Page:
Column: Have your say on proposals

Just what hat do you expect from your local fire service? How should we make best use of our resources to respond to 999 calls? How should we target our work in the community to make people safer? In what ways should we work more closely with our emergency service partners?

South Yorkshires Chief Fire Officer James Courtney.
South Yorkshires Chief Fire Officer James Courtney.

We want your feedback on these question, having published draft plans for how we intend to deliver our service until 2020.

Our vision for the lifetime of this plan is to provide the best possible service to the people of South Yorkshire within the resources which are available to us.

Despite having lost more than £14 million from our annual budget since 2010, we are not proposing any further reductions in fire station or fire engine numbers. But our proposals do include making more of our firefighters available in the day when crews are busiest, changing our prevention work to focus on those most at risk and proactively exploring collaboration opportunities with other emergency services.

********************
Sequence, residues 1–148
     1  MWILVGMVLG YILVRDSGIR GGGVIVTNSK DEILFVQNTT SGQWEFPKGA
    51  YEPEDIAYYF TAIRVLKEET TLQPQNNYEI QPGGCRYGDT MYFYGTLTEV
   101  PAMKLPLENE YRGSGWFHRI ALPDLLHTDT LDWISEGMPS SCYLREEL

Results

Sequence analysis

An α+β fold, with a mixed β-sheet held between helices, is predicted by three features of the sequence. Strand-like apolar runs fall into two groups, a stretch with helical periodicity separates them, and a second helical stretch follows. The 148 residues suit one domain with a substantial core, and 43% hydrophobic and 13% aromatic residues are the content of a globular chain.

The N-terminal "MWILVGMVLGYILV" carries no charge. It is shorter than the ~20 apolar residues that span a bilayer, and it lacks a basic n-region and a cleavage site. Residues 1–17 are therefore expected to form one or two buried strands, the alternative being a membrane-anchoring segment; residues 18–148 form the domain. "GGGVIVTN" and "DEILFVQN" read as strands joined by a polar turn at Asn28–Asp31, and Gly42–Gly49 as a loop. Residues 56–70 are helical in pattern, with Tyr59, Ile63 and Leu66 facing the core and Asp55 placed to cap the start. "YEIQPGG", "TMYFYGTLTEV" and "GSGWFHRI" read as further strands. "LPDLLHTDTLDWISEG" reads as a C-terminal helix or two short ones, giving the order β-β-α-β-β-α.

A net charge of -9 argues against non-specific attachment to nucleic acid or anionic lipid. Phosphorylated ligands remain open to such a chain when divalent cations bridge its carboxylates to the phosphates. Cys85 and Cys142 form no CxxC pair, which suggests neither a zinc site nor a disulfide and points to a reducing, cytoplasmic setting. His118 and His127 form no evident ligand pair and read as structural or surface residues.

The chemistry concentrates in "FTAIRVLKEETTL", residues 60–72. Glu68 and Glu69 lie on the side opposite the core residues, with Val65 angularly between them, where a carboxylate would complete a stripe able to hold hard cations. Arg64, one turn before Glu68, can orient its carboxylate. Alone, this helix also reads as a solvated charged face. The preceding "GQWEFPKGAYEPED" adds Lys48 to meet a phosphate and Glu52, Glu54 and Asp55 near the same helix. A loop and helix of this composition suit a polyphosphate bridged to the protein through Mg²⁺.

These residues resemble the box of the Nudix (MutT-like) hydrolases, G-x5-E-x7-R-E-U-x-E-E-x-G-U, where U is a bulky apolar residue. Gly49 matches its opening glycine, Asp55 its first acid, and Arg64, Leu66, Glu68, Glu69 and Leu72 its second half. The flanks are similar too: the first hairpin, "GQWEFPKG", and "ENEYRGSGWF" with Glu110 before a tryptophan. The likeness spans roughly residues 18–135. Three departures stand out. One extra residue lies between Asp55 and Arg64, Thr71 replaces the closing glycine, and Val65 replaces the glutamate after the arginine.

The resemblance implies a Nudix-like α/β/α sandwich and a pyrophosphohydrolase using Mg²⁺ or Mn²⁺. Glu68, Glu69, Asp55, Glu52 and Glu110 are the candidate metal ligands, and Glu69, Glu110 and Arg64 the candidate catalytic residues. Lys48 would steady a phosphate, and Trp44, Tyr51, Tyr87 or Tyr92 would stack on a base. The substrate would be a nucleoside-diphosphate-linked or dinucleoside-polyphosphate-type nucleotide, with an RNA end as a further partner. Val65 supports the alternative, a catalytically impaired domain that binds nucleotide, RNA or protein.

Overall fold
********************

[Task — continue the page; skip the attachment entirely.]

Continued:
The plans also consider how we intend to respond to Government’s efforts to reform the fire service nationally, including requirements to provide a more flexible and diverse workforce.

Key changes outlined in our Integrated Risk Management Plan 2017-20 include changing the staffing of the second fire engine at Sheffield’s Central fire station so that it is available all of the time in the day, but ‘on call’ at night.

We also plan to add two additional fire engines at two fire stations in South Yorkshire, which would also be available all of the time in the day, but ‘on call’ at night.

This is because we know that most of the demand on our firefighters from incidents, community safety work, training and risk inspections is in the day.

Another change we are proposing is to our established programme of free Home Safety Checks.

Each year we visit more than 20,000 homes in South Yorkshire and fit smoke alarms for free where needed. Of these visits though, up to two thirds are in homes which are unlikely to ever suffer a serious fire. Therefore, we propose offering fire prevention guidance to all, but prioritising free visits by fire service staff for those who we believe are at the greatest risk of fire based upon risk criteria.

These are draft proposals and we really want to gather views from the public on the plans we have put forward.

Members of the public can share their views on the plans until March 27.

Once the consultation period has ended and feedback has been considered, members of our governing Fire Authority will make the final decision on the proposals.

People can share their views via an online survey, in writing or at a series of community roadshow events.

To read the proposals, for more information and to have your say, visit South Yorkshire Fire & Rescue